The “commons” refers to resources that are shared by different individuals; resources used by many individuals. The “commons” include common goods such as forests, fisheries, grasslands, water resources and air. The global “commons” in this context include oceans, seas and the atmosphere. The global “commons” refer to resources or property shared by people from different countries and continents of the world.
The tragedy of the “commons” is that shared resources are often exploited in an irresponsible manner by the individuals since no individual is expected to be held accountable for the misuse of the resources. Individuals who share a common resource tend to over exploit the resource to maximize their personal gain. Individuals who share a common resource often exhibit selfishness; this ultimately destroys the common resource. A solution to the tragedy of commons could lie in the privatization of common resources or impose an authoritarian control on the common resources. There has always been a concern in the manner in which common resources such as environmental resources are exploited. There has always been a need to protect environmental resources so that the resources may be used by future generations. Since common resources such as oceans, seas and atmospheres cannot be privatized; there is a need to protect them in some way.
The main point in the article is that shared resources tend to be used in a haphazard and irresponsible manner by the parties that benefit from the resources. The article addresses the issue of overexploitation of “common” resources. The author of the article evokes a moral question of a possible demise of global commons in the long run. The global commons refer to the atmosphere, oceans and seas. The article suggests that there is a need for rational ways to manage common resources other than taking a liberal approach to resource management. Hardin argues that posterity of common resources is not guaranteed by a liberal approach to resource management. The author displays his skepticism of people who benefit from a common resource taking part in self- regulation of the resource to ensure that the tragedy of the commons does not occur. Individuals who share a common resource can only be regulated by an external factor. Hardin suggests that there is a need for mutual coercion in the management of common resources as a solution to the tragedy of the commons. Mutual coercion in this context refers to a long-term responsibility and consciousness in the use of common resources.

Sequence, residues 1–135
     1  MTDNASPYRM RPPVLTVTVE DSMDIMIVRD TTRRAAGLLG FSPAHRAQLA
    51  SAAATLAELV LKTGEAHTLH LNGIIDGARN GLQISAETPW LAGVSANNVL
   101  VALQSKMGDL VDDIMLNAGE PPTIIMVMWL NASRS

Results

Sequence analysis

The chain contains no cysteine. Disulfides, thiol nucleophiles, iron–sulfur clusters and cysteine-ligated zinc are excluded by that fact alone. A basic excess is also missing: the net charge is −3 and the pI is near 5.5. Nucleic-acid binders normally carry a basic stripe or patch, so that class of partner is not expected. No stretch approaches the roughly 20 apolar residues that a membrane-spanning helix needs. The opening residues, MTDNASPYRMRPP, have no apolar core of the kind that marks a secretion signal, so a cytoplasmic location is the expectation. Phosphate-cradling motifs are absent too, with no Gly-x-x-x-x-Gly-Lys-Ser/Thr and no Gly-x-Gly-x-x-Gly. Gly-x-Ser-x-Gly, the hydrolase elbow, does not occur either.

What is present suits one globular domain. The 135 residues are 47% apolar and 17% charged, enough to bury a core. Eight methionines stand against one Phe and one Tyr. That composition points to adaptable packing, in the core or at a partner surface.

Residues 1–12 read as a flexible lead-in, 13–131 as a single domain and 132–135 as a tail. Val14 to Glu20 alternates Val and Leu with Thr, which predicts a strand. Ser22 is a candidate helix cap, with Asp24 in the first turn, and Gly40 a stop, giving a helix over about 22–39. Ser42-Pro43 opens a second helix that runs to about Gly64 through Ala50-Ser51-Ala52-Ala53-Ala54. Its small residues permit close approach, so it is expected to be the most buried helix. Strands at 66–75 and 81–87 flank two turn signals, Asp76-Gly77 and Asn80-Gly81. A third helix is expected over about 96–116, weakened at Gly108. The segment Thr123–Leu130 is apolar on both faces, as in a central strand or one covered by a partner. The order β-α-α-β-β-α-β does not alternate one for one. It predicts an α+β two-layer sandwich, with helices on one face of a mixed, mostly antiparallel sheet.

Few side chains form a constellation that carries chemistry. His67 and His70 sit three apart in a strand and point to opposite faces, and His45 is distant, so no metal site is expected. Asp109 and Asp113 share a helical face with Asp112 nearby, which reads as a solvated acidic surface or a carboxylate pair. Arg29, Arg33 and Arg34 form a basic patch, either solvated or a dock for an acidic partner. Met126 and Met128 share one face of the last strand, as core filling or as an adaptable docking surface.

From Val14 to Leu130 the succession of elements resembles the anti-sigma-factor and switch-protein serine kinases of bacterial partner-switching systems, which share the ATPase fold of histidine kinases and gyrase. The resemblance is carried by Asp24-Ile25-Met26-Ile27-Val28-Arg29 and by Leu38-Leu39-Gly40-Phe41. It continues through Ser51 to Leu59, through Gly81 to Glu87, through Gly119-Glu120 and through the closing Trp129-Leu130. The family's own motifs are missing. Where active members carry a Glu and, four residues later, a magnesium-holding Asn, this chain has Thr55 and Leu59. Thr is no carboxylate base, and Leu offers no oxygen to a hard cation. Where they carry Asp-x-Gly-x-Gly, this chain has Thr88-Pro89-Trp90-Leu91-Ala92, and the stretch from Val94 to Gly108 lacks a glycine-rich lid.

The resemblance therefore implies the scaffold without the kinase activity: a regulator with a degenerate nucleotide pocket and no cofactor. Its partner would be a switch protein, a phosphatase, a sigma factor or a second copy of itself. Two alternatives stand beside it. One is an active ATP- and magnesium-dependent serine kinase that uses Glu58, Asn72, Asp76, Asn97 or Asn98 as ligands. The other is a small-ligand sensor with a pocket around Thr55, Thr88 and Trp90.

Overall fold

The main example from the article that illustrates the main point is the parable of herdsmen who share a common pasture. The herdsmen are led by a selfish motive to maximize their gain from the common pasture. The herdsmen take part in overfeeding of their cattle so that they may benefit the most from the pasture. The herdsmen reason that the benefit they get from feeding their cattle regarding milk production and other products go directly to them whereas the pressure that overfeeding of the cattle has on the pasture is evenly distributed among all them. Given that the herdsmen do not feel a sole responsibility for the pressure that they exert on the pasture, they see nothing wrong with continuing to overexploit the pasture. As a result, the herdsmen go to the extent of increasing their herd of cattle to maximize their personal gain from the shared pasture. Eventually, the common resource is destroyed by the herdsmen courtesy of their quest for personal gain. The common pasture could only support a certain number of animals.
Hardin, G. (1968). The Tragedy of the Commons. Washington, D.C.: American Association for the Advancement of Science.
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